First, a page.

Major shipping companies are calling for governments to put more money into researching and developing cleaner technologies to help the industry reduce its greenhouse gas emissions
The latest on the U.N. climate summit COP26 in Glasgow:
GLASGOW, Écosse — Major shipping companies called Friday for governments to put more money into researching and developing cleaner technologies to help the industry reduce its greenhouse gas emissions.
The International Chamber of Shipping said the industry isn’t on track to meet its goal of cutting carbon emissions to net-zero by 2050 with current policies.
The trade group represents shipping companies that include MSC and Hapag Lloyd. Industry representatives and government ministers are meeting at the U.N. climate summit in Glasgow
The group said it is asking governments to increase R&D spending, including by backing a proposal at the International Maritime Organization that would see ship owners set up a $5 billion fund to boost clean shipping technology.
Shipping currently accounts for about 3% of global emissions.
GLASGOW, Scotland — Anti-poverty charitable confederation Oxfam says the world’s richest people continue to produce the lion’s share of greenhouse gas emissions.
A study released Friday on the sidelines of the U.N. climate summit in Glasgow concluded that the richest 1% of the planet’s population is expected to account for 16% of total global emissions by 2030.
The study, commissioned by Oxfam, calculated that each member of the richest 1% will emit 30 times more than the 2.3 metric tons of carbon dioxide deemed compatible with the goal of capping global warming at 1.5 degrees Celsius (2.7 Fahrenheit).
The poorest 50% on the planet, pendant ce temps, will continue to emit less than that amount per person by 2030.
Oxfam said the study indicates that a tiny elite of ultra-rich people “appear to have a free pass to pollute.”
“The emissions from a single billionaire space flight would exceed the lifetime emissions of someone in the poorest billion people on Earth,” said Nafkote Dabi, head of climate policy at Oxfam.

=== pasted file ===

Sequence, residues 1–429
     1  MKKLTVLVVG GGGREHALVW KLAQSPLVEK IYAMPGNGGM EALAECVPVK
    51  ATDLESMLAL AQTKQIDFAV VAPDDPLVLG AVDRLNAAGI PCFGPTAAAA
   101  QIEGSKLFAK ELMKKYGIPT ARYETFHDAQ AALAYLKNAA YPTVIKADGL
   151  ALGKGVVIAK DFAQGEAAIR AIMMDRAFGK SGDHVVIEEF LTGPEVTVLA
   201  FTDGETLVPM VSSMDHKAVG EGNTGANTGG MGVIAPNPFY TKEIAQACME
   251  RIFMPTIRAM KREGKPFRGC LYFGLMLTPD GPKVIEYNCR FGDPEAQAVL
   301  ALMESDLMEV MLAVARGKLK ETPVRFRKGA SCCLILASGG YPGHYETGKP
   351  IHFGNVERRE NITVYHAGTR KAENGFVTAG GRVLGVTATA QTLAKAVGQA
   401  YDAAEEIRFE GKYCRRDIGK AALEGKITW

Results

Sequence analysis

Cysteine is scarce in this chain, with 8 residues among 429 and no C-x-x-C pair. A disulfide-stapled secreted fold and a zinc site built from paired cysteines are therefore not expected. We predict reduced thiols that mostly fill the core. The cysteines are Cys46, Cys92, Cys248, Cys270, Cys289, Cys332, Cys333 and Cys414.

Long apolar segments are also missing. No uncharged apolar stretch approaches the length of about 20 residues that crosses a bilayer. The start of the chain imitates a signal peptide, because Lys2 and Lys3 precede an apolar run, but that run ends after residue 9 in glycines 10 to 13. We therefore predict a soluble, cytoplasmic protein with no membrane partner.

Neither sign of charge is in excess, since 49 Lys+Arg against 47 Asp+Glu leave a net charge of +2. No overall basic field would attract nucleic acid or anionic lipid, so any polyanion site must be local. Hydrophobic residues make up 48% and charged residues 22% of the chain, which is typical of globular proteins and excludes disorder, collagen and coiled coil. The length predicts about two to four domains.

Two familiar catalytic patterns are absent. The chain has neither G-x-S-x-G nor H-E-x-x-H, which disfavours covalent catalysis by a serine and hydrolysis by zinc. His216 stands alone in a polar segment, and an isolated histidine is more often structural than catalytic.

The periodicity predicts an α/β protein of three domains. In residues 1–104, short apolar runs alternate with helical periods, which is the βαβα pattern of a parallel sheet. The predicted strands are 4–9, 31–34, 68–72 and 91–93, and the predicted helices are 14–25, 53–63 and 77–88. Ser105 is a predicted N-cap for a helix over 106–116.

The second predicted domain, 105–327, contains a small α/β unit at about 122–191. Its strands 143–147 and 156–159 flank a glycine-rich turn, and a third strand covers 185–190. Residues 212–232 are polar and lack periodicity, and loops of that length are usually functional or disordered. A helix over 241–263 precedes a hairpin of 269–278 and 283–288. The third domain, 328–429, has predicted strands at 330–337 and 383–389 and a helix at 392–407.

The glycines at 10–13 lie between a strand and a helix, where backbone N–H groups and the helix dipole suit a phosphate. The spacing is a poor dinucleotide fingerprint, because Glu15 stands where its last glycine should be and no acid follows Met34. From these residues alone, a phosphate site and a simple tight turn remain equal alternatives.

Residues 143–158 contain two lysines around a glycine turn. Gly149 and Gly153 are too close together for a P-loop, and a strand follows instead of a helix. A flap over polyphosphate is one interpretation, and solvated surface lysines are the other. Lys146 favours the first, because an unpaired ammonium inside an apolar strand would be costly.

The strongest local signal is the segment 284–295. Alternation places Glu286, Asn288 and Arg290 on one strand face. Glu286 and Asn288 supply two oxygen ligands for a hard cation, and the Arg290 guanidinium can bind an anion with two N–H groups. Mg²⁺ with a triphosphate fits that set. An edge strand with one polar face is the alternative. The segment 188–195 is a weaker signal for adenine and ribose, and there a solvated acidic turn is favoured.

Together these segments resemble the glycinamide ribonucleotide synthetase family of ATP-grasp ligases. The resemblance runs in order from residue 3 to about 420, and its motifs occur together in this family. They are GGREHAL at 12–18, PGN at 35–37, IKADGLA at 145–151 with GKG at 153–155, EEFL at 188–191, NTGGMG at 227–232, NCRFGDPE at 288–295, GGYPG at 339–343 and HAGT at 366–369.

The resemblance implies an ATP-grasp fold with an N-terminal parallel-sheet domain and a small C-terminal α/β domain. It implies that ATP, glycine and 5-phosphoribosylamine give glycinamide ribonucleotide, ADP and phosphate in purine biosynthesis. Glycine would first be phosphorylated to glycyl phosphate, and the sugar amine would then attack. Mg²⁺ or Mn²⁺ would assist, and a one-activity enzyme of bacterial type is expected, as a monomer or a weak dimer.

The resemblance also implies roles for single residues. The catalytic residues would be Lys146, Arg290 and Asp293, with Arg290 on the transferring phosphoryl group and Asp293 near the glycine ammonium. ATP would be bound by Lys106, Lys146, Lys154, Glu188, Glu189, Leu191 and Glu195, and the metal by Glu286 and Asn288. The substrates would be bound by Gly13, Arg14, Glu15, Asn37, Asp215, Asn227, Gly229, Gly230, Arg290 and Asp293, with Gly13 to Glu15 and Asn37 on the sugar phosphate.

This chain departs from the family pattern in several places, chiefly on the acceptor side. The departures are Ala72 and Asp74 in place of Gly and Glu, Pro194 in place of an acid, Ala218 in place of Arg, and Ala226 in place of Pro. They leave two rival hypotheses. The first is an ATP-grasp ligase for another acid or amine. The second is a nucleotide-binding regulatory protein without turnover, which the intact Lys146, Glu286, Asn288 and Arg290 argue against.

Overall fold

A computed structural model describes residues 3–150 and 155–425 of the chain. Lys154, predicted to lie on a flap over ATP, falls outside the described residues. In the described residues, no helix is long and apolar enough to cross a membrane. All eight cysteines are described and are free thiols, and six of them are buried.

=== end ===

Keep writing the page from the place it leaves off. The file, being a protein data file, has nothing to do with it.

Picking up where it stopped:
Emissions caused by the wealthiest 10% alone could put the 1.5 C-goal out of reach by the end of the decade, Dabi added.
Tim Gore of the non-profit Institute for European Environmental Policy, wrote the study. He suggested that measures are needed to limit carbon emissions from luxury consumption such as mega-yachts, private jets and space travel.
GLASGOW, Scotland — Environmental campaigners have awarded their ‘Fossil of the Day’ award to the Polish government for giving — and then apparently backtracking on — a pledge to speed up its phaseout of coal power.
Climate Action Network, an umbrella group representing hundreds of non-governmental organizations, blasted Poland on Thursday for committing at the U.N. climate summit in Glasgow to end coal use, but then declaring itself a poor country and sticking to its previous deadline of 2049.
The little-coveted award went to the États Unis mercredi, for what climate activists say was a new measure that benefits mainly industrial agriculture companies rather than ordinary farmers.
Les Etats Unis. shared the prize with France for its efforts to get natural gas and nuclear power plants classified as sustainable forms of energy by the European Union, and with the International Emissions Trading Association for representing oil majors such as Chevron and Shell at the Oct. 31-Nov. 12 pourparlers.
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